(With apologies to Joe, who’s actually a pretty cool guy)
Learn to smoothly and seamlessly practice your parts into that polished performance you’re looking for.
You work so hard on your songs – spending hours tracking, mixing and mastering your songs. What’s missing? PRACTICE.
Your mixes sound pretty good, but the timing just isn’t as tight as you wish it was. You’d like you fix some of these issues, but you’re not sure how.
Why would I want to practice my parts?
As a musician (or producer, if you’re directing musicians) you’re creating a performance. Your job is to make the performance sound as good as you possibly can.
As an engineer, you’re capturing a performance. Your job is to capture it as truthfully (and as flatteringly, har har) as you possibly can.
As a producer directing musicians, unrehearsed musicians play out of time occasionally. When that happens, you have three options:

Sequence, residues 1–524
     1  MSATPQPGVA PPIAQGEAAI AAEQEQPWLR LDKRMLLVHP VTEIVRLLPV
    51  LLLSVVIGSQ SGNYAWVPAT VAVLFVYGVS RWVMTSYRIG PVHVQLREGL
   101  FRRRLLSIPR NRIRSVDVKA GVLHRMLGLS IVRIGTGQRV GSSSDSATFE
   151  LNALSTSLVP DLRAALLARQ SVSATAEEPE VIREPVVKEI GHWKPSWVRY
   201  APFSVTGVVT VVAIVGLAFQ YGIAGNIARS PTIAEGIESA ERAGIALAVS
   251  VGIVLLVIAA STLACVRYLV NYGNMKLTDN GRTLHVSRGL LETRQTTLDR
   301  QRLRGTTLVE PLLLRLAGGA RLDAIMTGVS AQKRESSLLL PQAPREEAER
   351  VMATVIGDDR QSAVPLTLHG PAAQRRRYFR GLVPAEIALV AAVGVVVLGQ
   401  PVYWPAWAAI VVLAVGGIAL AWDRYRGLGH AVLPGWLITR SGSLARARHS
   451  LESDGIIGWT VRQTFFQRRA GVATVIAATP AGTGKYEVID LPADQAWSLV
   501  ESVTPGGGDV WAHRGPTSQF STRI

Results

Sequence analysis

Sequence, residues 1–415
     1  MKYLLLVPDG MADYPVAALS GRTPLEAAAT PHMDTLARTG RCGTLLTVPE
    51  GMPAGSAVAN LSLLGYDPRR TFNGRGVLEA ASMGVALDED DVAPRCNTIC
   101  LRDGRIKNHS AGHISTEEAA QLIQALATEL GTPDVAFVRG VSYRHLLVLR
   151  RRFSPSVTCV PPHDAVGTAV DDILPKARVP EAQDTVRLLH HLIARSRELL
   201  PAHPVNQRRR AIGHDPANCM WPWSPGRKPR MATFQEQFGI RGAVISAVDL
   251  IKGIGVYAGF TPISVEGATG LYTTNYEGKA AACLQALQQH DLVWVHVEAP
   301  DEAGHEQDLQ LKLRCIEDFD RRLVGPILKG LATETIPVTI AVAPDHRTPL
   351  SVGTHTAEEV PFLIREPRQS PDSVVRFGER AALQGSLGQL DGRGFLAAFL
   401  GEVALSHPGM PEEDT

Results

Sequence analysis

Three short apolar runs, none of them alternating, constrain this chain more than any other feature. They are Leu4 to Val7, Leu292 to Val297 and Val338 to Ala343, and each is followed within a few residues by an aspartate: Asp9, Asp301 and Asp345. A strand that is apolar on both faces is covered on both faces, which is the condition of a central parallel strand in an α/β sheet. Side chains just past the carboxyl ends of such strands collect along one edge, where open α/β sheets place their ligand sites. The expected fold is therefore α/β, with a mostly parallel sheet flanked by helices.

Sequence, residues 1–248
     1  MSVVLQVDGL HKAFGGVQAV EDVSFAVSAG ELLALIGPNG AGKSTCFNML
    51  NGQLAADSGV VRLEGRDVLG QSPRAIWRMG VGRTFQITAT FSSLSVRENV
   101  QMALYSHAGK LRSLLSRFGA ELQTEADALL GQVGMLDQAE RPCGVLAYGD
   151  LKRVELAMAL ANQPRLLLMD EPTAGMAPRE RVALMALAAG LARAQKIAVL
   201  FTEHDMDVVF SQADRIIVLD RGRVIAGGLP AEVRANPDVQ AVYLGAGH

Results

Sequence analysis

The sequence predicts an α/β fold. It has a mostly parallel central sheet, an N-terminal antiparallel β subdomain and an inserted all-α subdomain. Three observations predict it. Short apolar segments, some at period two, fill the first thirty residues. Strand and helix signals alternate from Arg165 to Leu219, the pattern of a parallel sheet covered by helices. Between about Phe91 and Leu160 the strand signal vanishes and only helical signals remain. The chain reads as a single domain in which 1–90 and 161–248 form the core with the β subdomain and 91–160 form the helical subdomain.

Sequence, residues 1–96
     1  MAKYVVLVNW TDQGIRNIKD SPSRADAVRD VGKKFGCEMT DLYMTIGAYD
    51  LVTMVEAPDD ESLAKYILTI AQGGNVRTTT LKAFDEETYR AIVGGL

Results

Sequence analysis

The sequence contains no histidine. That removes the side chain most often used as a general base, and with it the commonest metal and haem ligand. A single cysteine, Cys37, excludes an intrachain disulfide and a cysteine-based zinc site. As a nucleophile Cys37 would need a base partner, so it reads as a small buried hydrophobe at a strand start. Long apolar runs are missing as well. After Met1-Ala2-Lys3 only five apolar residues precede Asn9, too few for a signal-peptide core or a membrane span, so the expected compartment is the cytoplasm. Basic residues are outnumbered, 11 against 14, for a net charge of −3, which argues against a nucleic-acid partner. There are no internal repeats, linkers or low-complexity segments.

- You can accept a mediocre performance.
- You can educate your musicians about the wonders and joys of learning to play their instruments.
- You can get better musicians.
Some people have a real issue with using practice to improve performances. They think it’s hard work. I agree. It’s really freakin’ hard. And that’s why it’ll set you apart from the thousands of mediocre musicians who resort to technology to make up for their weak performance skills.
I’m a musician as well (no, really, I am), and I’m not ashamed to say I’m actually a really good musician. Two decades of music will do that to you. That said, I regularly make mistakes when I don’t practice. Sometimes I can record a part over and over and over, and the timing is still a little off.
What do I do? I step away from the record button and actually practice the part. I focus on the difficult sections and train my fingers to work with precision and expression. Do I think it’s cheating? Absolutely. I’m making myself a better musician through hard work. Using technology to fix bad performances will still result in bad-sounding music. However, practising a part to eventually put on a good performance makes sense. I view practice as helping the tracks sound as I intended for them to sound.
Practice is really important. More important than you think it is. And you think it’s pretty important. Well, it’s more important than that. I’ll go into more detail about how to practice effectively in a future blog post.